Types of amulets and superstition that some Muslims fall into
1. Hazaazah for the child who has hiccups They collect any amount of money, whatever it is, from seven people whose name has to be Muhammad, and they take it to a blacksmith to make what they call hazaazah, which they then place on the child’s clothes to take away the hiccups.
2. After giving birth, when the woman is still in the state of nifaas or postpartum bleeding, no other woman should enter upon her who has her monthly period, because that will prevent her from having children.
3. After small girls have been circumcised, they should not enter upon one another either. And there are many other things of this nature. I want to know the religious evidence for the prohibition on this, because I believe that the first issue comes under the heading of amulets which are association of others with Allaah (shirk).
Praise be to Allaah.
With regard to these myths which many people adhere to in word and deed, there is no evidence for them either in Islam or in terms of reason. Rather Islam forbids them and prohibits them, and they are forms of shirk.
With regard to the three myths mentioned in the question: the first one comes under the heading of amulets; the second and third come under the heading of tiyarah or a superstition. It has been clearly stated that amulets and superstition are shirk.
With regard to the first myth:
It comes under the ruling on amulets which they believe can bring benefit and ward off harm, and they are things which are worn such as beads, strings, horse shoes, blue eyes, “hands of Fatima” and many other things which they believe can bring good and benefit or ward off evil and harm.
It was narrated that ‘Abd-Allaah ibn Mas’ood (may Allaah be pleased with him) said: I heard the Messenger of Allaah (blessings and peace of Allaah be upon him) say: “Ruqyah, amulets and love charms are shirk.”
Narrated by Abu Dawood (3883) and Ibn Majaah (3530): classed as saheeh by al-Albaani in Saheeh Abi Dawood.
The ruling on the use of amulets -- including what is mentioned in the question of wearing hazaazah -- is that the one who acquires them or wears them, if he believes that they are a cause of bringing benefits and warding off harm and that benefit and harm are in the hand of Allaah, then he has fallen into minor shirk, because he has made something that is not a means into a means.
If he believes that it can bring benefit or cause harm in and of itself, then he has fallen into major shirk.
What anyone who has taken anything of that nature or anything like it must do is get rid of it and repent to Allaah.
It was narrated from Abu Basheer al-Ansaari (may Allaah be pleased with him) that he was with the Messenger of Allaah (blessings and peace of Allaah be upon him) on one of his journeys, and the people were at their places of rest. The Messenger of Allaah (blessings and peace of Allaah be upon him) sent a messenger (saying): “No camel is to be left among any group of people with a garland of sinew or a garland, but it is to be cut off.”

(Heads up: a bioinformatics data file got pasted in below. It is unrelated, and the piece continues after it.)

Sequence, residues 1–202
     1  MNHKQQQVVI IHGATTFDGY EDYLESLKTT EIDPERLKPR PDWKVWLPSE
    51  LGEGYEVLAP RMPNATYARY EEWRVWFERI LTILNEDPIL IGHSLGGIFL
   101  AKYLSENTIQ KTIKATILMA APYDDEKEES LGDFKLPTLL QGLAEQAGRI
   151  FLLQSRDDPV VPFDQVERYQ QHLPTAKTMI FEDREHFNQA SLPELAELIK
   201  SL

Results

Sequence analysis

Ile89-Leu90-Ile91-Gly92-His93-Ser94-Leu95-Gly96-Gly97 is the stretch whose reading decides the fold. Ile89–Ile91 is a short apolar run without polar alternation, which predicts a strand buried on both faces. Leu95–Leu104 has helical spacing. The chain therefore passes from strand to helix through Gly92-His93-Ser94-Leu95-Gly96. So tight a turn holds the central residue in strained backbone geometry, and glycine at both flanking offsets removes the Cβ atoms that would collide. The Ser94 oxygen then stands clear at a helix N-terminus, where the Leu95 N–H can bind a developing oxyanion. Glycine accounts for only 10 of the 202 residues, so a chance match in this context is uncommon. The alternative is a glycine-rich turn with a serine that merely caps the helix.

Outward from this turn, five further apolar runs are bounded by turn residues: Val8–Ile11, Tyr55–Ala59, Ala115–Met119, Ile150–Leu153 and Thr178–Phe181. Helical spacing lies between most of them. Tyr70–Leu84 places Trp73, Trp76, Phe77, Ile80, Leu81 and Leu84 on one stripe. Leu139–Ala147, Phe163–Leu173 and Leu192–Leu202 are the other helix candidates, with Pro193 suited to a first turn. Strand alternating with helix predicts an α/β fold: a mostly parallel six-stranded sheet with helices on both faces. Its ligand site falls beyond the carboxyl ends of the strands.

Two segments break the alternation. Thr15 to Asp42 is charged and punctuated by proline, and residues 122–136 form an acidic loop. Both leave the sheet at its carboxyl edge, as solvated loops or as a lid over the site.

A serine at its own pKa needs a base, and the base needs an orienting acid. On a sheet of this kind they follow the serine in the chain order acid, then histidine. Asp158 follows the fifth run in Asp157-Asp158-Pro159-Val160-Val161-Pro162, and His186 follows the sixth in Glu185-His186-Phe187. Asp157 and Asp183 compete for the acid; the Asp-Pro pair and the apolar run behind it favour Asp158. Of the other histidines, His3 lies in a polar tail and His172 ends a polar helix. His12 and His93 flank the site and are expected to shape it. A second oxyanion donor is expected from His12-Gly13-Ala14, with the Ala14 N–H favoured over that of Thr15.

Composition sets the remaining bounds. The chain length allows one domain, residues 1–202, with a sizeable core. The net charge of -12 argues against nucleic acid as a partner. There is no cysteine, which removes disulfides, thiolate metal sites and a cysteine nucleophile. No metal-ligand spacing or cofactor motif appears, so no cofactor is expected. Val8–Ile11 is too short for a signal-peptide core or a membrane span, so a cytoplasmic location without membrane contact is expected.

Narrated by al-Bukhaari (2843) and Muslim (2115).
Shaykh Muhammad ibn Saalih al-‘Uthaymeen (may Allaah have mercy on him) said:
His words: “a garland of sinew or a garland” – the narrator was not sure, but the former is more likely, because garlands were made from sinew, and they believed that that could ward off the evil eye from the camels. This is a false belief, because it is placing one’s hope in a thing that is not a means or a cause. We have seen above that placing one’s hope in things that are not shar’i or tangible means or causes is shirk, because by placing his hope in them he is believing in them as means when Allaah has not made them means, whether by His law or by His decree. Hence the Prophet (blessings and peace of Allaah be upon him) ordered that these garlands be cut. End quote.
Majmoo’ Fataawa al-Shaykh al-‘Uthaymeen (9/169)
With regard to the second and third myths:
These come under the heading of superstition.
It was narrated from ‘Abd-Allaah ibn Mas’ood that the Messenger of Allaah (blessings and peace of Allaah be upon him) said: “Tiyarah (superstitious belief in bird omens) is shirk.” Narrated by Abu Dawood (3910) and classed as saheeh by al-Albaani in al-Silsilah al-Saheehah (429).
Reality shows these myths mentioned in the question to be false. Menstruating women often enter upon women who are in nifaas, to congratulate them or to uphold ties of kinship and that never prevented the woman from giving birth again.
And why shouldn't girls who have been circumcised enter upon one another?
What harm can be caused by a menstruating woman or woman in nifaas or a girl who has been circumcised entering upon a girl who has just been circumcised?
There is no harm in that; rather this is just an illusion and myth which is in circulation among the common folk, as well as ignorance of Tawheed and of Islamic teachings, and it is their lack of common sense.
We ask Allaah to set the affairs of the Muslims straight.
And Allaah knows best.